Without it, humans would have a heck of a time with rock, paper, scissors.
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There is a whole bunch of evidence for Neuroplasticity (your brain rewiring itself due to input, behaviour changes and illness), so it is possible.
Have you actually not bothered to read about the feature or are you just trolling? The whole point is to avoid explicitly having to write closures or callback functions.
No, the features are actually completely different. The C# await doesn't block, it creates a continuation that will be called as a callback when the asynchronous task is complete (and the asynchronous task maybe a processing task, or it maybe I/O, or it maybe an event happening later on the same thread). This means that the current thread can continue processing (not block).
Not only that, current interest rates for US government debt over 5 years are at rates lower than inflation, so with 5 year refinancing they would actually be paying back less than they borrowed.
The word "battery" never appears in the headline, so maybe you didn't read that either.
Whatever you do, don't read comments on YouTube.
Drilling is one thing, but actual coal mining on campus? How would that even work?
I never said it was, a lot of the basics of set theory can be (and are) taught in elementary school.
Part of the reason I don't think an apprenticeship model works for teaching programming is that by its nature it is a scholarly profession. I don't mean that in the ivory tower way, I mean that programming is largely research based and requires an active mind. You need meta-skills of the kind that allow you to assess, filter and process a lot of information, but be able to focus in on and find the particular bits that are relevant to you. Doing an university degree often teaches this skill indirectly and some people develop it themselves though natural dedication (autodidacts). I don't think an apprenticeship style of learning gives people the time or inclination to do this. More practical experience and mentoring is definitely valuable, but it shouldn't be the sum total of a programming education.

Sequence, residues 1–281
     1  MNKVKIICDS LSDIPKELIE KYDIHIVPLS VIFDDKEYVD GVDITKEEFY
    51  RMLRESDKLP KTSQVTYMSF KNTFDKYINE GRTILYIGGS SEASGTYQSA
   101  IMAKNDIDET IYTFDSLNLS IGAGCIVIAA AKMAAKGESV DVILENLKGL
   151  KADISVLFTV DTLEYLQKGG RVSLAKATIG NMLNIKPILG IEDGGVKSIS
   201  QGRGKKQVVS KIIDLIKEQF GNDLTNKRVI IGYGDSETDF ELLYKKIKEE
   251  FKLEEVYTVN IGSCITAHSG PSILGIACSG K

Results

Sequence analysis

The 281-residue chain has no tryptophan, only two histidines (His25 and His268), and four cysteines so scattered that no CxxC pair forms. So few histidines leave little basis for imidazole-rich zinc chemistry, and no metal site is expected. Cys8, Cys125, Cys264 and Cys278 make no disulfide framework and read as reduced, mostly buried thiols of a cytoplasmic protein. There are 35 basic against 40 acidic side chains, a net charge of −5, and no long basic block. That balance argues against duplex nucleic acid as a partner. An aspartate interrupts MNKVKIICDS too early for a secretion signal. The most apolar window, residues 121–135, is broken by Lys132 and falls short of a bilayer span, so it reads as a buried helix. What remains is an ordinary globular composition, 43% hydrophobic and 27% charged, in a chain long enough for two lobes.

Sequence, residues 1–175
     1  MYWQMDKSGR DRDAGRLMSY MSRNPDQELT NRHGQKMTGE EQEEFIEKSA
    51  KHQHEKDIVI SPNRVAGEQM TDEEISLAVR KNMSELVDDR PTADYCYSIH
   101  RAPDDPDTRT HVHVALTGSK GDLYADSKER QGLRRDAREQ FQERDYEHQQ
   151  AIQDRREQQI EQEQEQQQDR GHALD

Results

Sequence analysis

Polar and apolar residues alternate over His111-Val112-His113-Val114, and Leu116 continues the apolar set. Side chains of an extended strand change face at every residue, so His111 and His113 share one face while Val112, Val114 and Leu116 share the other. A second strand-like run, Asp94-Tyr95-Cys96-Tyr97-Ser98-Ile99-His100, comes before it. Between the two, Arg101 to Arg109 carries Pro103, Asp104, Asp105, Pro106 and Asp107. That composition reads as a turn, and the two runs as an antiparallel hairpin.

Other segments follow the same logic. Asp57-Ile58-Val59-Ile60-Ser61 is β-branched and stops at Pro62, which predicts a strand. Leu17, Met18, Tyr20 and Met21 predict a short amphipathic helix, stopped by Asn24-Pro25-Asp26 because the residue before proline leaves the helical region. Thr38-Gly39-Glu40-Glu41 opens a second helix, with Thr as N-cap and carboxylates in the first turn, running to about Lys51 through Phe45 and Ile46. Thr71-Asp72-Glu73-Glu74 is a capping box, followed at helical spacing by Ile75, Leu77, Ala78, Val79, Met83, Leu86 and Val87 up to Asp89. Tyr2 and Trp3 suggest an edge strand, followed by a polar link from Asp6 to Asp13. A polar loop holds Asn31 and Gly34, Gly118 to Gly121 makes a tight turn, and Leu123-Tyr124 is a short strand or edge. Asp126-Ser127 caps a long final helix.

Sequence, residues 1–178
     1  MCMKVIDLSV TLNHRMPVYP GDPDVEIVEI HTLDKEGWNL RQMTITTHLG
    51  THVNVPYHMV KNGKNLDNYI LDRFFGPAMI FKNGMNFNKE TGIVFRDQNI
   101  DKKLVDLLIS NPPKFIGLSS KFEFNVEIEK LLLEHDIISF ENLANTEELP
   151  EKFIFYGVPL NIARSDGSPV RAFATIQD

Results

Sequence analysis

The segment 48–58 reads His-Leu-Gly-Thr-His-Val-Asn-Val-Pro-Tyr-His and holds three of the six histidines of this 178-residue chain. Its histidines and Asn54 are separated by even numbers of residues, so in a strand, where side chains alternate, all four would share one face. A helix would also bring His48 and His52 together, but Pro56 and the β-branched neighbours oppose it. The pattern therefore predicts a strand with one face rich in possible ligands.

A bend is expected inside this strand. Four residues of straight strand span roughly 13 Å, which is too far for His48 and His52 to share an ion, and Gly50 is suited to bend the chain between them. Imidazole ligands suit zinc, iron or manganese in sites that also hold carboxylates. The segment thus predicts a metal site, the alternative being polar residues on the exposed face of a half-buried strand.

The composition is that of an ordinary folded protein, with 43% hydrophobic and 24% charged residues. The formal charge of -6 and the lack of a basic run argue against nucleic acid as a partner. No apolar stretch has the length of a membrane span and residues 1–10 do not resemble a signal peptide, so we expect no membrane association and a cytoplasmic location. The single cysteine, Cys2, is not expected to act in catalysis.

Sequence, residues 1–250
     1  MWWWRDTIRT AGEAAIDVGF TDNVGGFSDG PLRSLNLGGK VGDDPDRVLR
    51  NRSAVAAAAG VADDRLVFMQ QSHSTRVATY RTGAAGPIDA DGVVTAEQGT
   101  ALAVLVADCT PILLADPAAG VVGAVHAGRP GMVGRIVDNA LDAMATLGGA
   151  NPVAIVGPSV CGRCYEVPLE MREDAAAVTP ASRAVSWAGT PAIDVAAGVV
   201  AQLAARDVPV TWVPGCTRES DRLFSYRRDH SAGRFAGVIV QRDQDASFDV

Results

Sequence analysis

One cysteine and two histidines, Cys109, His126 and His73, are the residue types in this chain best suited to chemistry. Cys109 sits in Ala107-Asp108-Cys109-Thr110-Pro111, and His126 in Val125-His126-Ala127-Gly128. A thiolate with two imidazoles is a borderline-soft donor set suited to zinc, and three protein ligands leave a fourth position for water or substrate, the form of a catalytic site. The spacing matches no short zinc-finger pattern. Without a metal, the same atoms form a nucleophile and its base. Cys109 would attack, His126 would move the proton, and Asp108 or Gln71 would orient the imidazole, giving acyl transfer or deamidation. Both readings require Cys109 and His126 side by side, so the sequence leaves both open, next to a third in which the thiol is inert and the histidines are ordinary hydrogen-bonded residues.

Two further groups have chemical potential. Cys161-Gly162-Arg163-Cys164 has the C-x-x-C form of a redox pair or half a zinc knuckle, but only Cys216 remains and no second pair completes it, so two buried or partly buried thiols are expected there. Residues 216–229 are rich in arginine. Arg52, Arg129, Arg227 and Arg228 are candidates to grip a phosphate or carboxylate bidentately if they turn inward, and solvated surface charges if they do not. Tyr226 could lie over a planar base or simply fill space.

I also think that there is also a defensive thinking mindset required to properly produce robust software that requires a certain level of formal knowledge as well as practical experience. Degrees at the moment don't necessarily teach this, but you do see a lot of software written without this knowledge and quite often it becomes obvious that it's only going to work *some* of the time and quite a lot of this software comes from people with a weak formal education (but not all of it).
Programmers might not know set theory in a formal sense, but as a programmer you pretty much have to use set theory in some way (even a boolean expression on integers expresses a set).
No, my argument would be that those students made a creative contribution to the piece. It's not some sort of zero sum game, it doesn't make Michelangelo's contribution any less creative. Just because other parts of developing software take creativity, it doesn't mean that programming does not.
Saying that about programming is like saying that painting is turning a concept into a picture, through obvious and necessary applications of the brush. The *goal* of programming is to turn requirements into code. Programming itself is the creative process of building that code; it's obviously creative, as my code to achieve a goal will be different to your code to achieve a goal (even if we start with the same design and architecture), because we think differently. Design and architecture are also creative, but they're done at a conceptual level. This isn't just my opinion, programming is legally recognized as a creative work, which is why source code has copyright.